The World Organisation for Animal Health and World Small Animal Veterinary Association have signed a memorandum of agreement to promote increased collaboration between the two organisations in the area of One Health.
The World Organisation for Animal Health (OIE) and World Small Animal Veterinary Association (WSAVA) have signed a memorandum of agreement to promote increased collaboration between the two organisations in the area of One Health – a movement which aims to encourage human health and veterinary professionals to work together to eradicate disease.
Under the terms of the agreement, the WSAVA – an “association of associations” representing more than 80,000 small animal vets all over the world – has been granted full observer status at the annual OIE General Assembly.
The OIE is the intergovernmental organisation responsible for improving animal health and welfare worldwide and is responsible for the global surveillance of animal diseases, including zoonoses.
The organisations will collaborate on a range of activities including the development of global standards and guidelines to improve companion animal health and the continuing education of companion animal veterinarians. They will also implement practical measures including developing communication campaigns to increase awareness of infectious disease surveillance and reporting programmes.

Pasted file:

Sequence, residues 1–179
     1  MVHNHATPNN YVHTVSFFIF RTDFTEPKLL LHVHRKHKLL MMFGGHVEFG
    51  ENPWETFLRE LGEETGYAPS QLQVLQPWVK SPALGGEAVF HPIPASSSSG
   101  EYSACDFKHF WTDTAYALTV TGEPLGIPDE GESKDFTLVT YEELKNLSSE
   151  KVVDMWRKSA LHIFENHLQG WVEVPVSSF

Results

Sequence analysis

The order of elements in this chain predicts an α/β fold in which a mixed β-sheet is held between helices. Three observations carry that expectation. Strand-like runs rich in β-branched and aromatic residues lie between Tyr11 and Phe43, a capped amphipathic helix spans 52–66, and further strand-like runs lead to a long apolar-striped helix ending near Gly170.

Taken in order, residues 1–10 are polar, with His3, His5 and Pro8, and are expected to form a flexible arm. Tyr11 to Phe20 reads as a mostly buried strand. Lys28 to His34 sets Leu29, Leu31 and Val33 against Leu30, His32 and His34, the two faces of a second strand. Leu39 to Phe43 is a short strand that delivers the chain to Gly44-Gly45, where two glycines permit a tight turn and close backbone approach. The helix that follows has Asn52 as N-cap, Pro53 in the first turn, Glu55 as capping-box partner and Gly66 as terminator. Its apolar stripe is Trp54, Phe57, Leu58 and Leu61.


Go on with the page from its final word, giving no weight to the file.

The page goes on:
WSAVA president Jolle Kirpensteijn said: “The agreement with the OIE confirms the WSAVA and its One Health Committee as the appointed voice for companion animals and their veterinarians worldwide.
“Companion animal veterinarians play a significant role in the One Health concept because of their strategic position in reporting the emergence or re-emergence of zoonotic infectious diseases at the companion animal-human interface. It is therefore imperative that adequate surveillance systems are in place.
“We also see major benefits for human health from comparative research into spontaneously arising disorders of companion animals and believe there is a wider societal aspect because of the human-companion animal bond.
Dr Bernard Vallat, director general of the OIE, added: “The One Health concept recognises that human and animal health are inextricably linked.
“As we work to promote, improve and defend the health and well being of all species and to detect and report diseases at the human-animal interface, greater collaboration with all specialties of the veterinary profession is essential. The WSAVA represents an important segment of practicing veterinarians who, until now, have not been closely linked with the OIE.”
He concluded: “We are delighted to sign this agreement and look forward to the insight, experience and expertise the WSAVA team will bring to our work on behalf of companion animals.”